The rainy season has ended. It felt like a Dutch summer to me. Some days the sunrays shone down and the laundry fluttered on the lines. In the background a pallet of green shades: forested mountains, fresh from the latest rains. On other days drops poured down from the sky. Clouds floated around the house. Sometimes the fog would drift into the rooms when I opened the windows. Even the chickens got lost in cottons when they roamed outside. The whole valley disappeared into an oasis of white. It had something beautiful, the shifts in sparkling clear weather and cosy mysterious haze.
Today the morning sun shines through the pine trees. The light glides gently over the walls of the house. Sparrows twitter and try to seek all the small hideouts in the grooves between the stones. It’s cosy and although we need to fill up the grooves sooner or later, I hope to keep some places available for the sparrows. ‘Yes, this will become a homestay for sparrows too’, I think. For sparrows and humans. How nice.
The electrician enters. He’s been to the barber and has chosen for a smooth look: on top a bit longer and shorter on the sides. Or perhaps his barber has chosen it for him. He smiles friendly while he stands in the room tangled in wires. I walk to the kitchen to make a cup of chai for him. Chai is Hindi for tea and is made from black tealeaves with milk and sugar. Everything is boiled in a pan on the stove. Drinking chai finds its origin more than 5000 years back in India, when a king ordered a healing drink of spices and herbs according to Ayurveda: a natural medicine tradition. The chai of that time contained spices like black pepper, cardamom, cinnamon, cloves and ginger.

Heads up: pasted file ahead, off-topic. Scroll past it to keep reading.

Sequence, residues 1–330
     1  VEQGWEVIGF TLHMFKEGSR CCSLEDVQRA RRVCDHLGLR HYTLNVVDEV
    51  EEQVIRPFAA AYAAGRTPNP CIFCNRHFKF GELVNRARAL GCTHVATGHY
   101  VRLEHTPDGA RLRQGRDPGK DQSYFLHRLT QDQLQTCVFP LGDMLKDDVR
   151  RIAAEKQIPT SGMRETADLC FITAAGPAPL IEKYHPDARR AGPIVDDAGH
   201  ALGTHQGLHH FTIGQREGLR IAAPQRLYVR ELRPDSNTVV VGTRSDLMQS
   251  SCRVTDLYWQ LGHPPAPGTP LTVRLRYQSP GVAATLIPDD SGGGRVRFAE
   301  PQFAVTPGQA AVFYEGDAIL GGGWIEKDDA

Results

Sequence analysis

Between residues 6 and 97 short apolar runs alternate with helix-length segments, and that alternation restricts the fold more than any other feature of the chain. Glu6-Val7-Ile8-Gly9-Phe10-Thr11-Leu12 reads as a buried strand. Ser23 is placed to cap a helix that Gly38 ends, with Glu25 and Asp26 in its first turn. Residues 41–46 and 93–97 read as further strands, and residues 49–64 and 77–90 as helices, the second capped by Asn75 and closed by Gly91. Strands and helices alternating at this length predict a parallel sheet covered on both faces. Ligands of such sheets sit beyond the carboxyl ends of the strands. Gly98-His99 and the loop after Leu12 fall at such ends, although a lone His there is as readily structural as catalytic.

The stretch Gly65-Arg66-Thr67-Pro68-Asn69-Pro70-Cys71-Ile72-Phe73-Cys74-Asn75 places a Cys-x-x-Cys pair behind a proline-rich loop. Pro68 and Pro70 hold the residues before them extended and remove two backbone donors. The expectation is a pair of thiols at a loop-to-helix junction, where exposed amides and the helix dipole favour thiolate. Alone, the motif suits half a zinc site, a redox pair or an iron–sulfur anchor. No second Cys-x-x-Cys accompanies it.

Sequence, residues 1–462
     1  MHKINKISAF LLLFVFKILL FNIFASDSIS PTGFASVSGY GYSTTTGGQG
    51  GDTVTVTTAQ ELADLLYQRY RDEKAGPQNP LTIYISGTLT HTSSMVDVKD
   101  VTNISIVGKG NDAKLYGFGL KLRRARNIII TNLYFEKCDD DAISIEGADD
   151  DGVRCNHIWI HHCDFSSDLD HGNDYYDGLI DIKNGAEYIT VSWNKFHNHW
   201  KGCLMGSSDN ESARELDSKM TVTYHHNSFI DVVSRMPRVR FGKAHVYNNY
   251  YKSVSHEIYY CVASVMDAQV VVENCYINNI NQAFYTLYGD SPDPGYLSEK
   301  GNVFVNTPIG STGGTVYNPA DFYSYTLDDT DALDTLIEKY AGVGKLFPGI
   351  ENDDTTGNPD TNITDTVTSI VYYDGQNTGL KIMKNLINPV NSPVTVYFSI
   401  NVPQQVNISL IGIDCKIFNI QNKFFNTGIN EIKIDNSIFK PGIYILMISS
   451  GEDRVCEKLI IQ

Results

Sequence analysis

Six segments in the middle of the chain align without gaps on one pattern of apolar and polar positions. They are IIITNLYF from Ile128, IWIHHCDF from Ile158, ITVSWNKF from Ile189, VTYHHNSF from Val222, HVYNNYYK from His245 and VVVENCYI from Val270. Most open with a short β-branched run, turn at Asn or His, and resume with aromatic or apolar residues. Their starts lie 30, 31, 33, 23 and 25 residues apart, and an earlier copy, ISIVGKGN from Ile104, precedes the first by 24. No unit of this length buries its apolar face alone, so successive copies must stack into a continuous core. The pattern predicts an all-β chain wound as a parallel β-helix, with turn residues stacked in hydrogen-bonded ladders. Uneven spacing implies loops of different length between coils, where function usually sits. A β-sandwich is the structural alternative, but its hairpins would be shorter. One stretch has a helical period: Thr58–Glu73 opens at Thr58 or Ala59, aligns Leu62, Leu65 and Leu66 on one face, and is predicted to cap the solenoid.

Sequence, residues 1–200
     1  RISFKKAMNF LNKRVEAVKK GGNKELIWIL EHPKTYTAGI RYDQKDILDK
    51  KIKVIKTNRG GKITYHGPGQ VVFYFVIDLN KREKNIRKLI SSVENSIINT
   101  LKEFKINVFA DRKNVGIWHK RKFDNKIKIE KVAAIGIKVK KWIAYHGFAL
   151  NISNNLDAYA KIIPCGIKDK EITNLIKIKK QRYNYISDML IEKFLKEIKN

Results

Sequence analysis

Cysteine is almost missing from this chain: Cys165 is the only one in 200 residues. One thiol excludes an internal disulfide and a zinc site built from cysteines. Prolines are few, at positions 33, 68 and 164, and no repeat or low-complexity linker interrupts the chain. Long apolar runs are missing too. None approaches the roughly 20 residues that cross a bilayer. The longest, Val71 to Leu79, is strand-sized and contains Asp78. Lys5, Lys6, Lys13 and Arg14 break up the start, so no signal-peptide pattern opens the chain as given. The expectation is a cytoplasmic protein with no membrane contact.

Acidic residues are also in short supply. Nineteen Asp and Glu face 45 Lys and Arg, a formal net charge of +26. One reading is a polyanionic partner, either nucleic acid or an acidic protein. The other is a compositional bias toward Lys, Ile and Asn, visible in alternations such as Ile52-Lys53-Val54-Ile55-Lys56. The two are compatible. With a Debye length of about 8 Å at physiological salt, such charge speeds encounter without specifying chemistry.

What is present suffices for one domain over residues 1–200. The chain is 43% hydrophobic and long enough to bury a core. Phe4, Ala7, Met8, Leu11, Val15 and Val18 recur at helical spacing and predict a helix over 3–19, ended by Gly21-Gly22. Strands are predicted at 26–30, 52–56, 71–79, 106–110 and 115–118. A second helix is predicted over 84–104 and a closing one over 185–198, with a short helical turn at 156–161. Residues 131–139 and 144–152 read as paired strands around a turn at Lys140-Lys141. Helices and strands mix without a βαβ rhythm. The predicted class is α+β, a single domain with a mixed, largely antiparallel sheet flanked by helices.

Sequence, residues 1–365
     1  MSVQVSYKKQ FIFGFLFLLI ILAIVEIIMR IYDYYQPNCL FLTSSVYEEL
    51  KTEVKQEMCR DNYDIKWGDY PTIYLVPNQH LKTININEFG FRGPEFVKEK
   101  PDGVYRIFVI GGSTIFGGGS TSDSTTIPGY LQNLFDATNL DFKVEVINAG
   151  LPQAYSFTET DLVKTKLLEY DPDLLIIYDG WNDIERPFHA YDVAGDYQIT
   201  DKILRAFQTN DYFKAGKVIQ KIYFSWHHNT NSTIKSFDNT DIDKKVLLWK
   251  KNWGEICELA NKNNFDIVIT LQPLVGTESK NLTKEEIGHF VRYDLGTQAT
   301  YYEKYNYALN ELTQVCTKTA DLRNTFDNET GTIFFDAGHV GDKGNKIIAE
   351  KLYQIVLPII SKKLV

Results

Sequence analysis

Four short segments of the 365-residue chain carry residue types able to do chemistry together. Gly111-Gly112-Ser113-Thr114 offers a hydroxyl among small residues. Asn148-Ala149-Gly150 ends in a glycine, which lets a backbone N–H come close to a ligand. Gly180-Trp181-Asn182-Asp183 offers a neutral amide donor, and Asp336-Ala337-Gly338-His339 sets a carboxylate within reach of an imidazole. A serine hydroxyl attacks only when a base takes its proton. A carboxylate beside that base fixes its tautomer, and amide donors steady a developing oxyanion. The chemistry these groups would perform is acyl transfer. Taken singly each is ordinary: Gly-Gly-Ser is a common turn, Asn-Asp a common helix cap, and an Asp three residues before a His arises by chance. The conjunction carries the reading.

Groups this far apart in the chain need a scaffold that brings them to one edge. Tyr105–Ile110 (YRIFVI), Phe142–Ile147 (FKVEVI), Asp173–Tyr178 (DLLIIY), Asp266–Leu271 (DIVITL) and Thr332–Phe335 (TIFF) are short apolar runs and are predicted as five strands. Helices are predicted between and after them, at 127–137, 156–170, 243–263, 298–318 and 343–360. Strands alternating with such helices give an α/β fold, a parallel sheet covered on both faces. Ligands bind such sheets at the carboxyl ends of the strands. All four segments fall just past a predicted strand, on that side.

Nowadays all Indians seem to be fond of, almost addicted to, the drink of chai.
Around 1850, black tea, milk and sugar were added when Englishmen came to cultivate black tea in India. Nowadays all Indians seem to be fond of, almost addicted to, the drink of chai. I believe there is an unwritten life motto here that says: a day without chai is a day not living. Twice or thrice a day it’s drunk by Indians from every age, region and caste. Sometimes with namkeen (salty snacks) on the side. I too take a chai in the afternoon, preferably in the chilly air outdoors while I look over the mountains from our place. Because why not?
Meanwhile the electrician chases his way through the walls. Every room will be covered with dust and gravel for a while. Only now I realize how much is needed for light and current in a house. Meters and meters of wires, for example. It requires good planning and communication. We allow for solar panels in future. All this work will eventually be hidden, if done well. And then we take the luxury of a light switch for granted. So: cheers to all the craftsmen that make it possible. And to the chai’s that lighten up the tough work for them.